1. Problem: Electric Vehicle Charging Fragmentation
Sustainability Category: Energy Management, Mobility
29% of total greenhouse gas emissions in the United States are from transportation with internal combustion engine vehicles being the highest source. With only about 1% of cars on the road being electric today, range anxiety from the lack of widespread charging infrastructure is a primary adoption barrier.
As the electric vehicle (EV) charging technology sector develops, closed charging infrastructure networks generate friction for hardware manufacturers, software developers, and drivers. Electric vehicle infrastructure developed by private network operators create silos that limit value for stakeholders. Industry fragmentation forces EV drivers to join multiple networks with varying accounts to access public chargers. The lack of standards leads to duplicative development effort to integrate charging stations and backend networks with energy systems. This limits providers from offering additional features across all providers.
2. Solution: Open Charge Point Protocol (OCPP)
The Open Charge Point Protocol (OCPP) is a charging infrastructure standard for EV charging station, Electric Vehicle Supply Equipment (EVSE), and back end software communication. OCPP reduces friction and fragmentation by increasing flexibility across the electric vehicle infrastructure industry for organizations and drivers.
— OCPP is an open-source, free standard published by Open Charge Alliance (OCA) that enables interoperability between charging infrastructure hardware and software networks.
— This neutral, open standard enables charging station vendors to access, share, and collect data with backend charge management operators so the widest amount of products can work together.
— On the charging station, OCPP enables charging station discovery, reservations, session authorization, billing information collection, and real-time charging data.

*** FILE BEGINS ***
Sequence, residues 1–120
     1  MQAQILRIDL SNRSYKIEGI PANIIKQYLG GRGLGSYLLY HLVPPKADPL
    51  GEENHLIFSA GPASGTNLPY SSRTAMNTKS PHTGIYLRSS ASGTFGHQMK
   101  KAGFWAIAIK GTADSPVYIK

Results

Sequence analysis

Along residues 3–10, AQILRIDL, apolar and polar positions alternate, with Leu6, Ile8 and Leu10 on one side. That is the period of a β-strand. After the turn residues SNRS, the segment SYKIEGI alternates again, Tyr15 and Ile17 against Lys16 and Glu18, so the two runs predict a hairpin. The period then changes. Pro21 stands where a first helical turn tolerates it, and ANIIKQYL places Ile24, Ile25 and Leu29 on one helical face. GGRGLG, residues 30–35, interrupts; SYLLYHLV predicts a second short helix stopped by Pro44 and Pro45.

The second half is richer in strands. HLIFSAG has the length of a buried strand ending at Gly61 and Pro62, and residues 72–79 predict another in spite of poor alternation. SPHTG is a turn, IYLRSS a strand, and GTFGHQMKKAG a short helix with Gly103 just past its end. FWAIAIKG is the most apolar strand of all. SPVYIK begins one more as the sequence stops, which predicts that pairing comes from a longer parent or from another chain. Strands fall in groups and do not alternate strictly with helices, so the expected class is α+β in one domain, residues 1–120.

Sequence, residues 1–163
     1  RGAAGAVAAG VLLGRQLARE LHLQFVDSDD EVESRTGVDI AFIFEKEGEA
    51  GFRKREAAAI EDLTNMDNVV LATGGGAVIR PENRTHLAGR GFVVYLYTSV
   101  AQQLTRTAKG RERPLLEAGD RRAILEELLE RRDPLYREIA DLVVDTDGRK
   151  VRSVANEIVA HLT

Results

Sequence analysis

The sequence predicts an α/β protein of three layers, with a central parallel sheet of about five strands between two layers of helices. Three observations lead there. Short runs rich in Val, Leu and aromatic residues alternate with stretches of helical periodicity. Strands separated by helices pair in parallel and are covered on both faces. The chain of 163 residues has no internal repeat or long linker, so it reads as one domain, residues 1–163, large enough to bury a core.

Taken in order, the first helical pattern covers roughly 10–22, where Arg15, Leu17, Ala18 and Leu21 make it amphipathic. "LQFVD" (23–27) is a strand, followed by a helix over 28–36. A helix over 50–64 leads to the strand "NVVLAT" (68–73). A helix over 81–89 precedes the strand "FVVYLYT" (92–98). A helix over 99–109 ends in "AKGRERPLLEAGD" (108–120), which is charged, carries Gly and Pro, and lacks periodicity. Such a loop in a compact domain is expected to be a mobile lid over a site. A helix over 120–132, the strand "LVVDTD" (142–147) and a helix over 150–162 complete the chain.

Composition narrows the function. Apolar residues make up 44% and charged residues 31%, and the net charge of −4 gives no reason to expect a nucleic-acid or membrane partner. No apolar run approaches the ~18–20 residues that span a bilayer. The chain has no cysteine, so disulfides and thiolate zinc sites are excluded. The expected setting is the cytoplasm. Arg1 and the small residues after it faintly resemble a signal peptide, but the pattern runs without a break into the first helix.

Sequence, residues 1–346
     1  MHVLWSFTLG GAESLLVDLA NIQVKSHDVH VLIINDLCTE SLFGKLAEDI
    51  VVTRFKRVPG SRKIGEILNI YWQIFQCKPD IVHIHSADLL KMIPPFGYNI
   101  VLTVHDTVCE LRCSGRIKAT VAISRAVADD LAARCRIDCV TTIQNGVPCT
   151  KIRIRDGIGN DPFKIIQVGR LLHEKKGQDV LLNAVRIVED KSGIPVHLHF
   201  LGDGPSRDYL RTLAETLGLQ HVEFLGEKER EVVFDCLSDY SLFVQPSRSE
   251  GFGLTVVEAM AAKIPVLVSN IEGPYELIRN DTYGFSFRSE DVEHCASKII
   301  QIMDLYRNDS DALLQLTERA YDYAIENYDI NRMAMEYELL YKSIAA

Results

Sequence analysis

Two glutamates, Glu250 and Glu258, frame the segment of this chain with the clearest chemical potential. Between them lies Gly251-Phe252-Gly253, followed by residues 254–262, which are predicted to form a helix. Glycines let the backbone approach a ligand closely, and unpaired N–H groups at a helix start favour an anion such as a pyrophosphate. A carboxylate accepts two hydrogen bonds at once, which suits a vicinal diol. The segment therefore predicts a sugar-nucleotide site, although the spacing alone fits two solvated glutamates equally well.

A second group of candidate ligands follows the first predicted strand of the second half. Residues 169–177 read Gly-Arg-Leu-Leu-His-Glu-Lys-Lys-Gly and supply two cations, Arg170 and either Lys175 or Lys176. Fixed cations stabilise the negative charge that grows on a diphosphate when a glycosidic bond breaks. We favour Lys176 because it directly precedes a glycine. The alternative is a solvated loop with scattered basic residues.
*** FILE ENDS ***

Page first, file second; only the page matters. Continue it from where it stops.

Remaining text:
— On the backend software, OCPP enables real-time status of charging stations, remote charging session control, firmware management, and error notification.
— OCPP 1.6 is a JSON protocol that was released in 2015 and is the most widely used version in market today. OCPP 2.0 was launched in 2018 and provides major data encryption security updates. OCPP 2.0.1 is the latest version and was launched on March 31, 2020.
OCPP is primarily utilized by charging station product, design, and engineering teams. Key organizations that are stakeholders in the OCPP ecosystem include:
— Open Charge Alliance (OCA):An international consortium of private and public EV infrastructure organizations that leads OCPP development, adoption, and certification.
— Network Management System Providers: GreenLots and ChargeLab are two EV charging network software providers that manage charging stations across manufacturers via OCPP.
— Charging Station Manufacturers: Blink and EVBox are two EV charging station manufacturers that use to connect devices to OCPP supported backend systems.
— EV Drivers:Mobile applications across providers initiate and manage charging sessions.
— EV OEMs: Manufacturers integrate OCPP on the in-car display to manage charging sessions.
Once a hardware or software company decides to use OCPP, the following steps are taken:
1. The product management team will integrate OCPP in the roadmap and define requirements.
2. The design team will incorporate the OCPP functionality into hardware or software features.
3. Once approved, the engineering team will develop, test, and deploy OCPP features.
— Open vs. Closed Charging Stations: Advantages and Disadvantages. GreenLots: https://greenlots.com/wp-content/uploads/2018/09/Open-Standards-White-Paper.pdf
— What is OCPP? ChargeLab: https://www.chargelab.co/industry-advocacy/ocpp
— About Us. Open Charge Alliance: https://www.openchargealliance.org/about-us/about/
— Sources of Greenhouse Gases. EPA: https://www.epa.gov/ghgemissions/sources-greenhouse-gas-emissions
— Electric Vehicles Setting A Course For 2030. Deloitte Insights: https://www2.deloitte.com/content/dam/insights/us/articles/22869-electric-vehicles/DI_Electric-Vehicles.pdf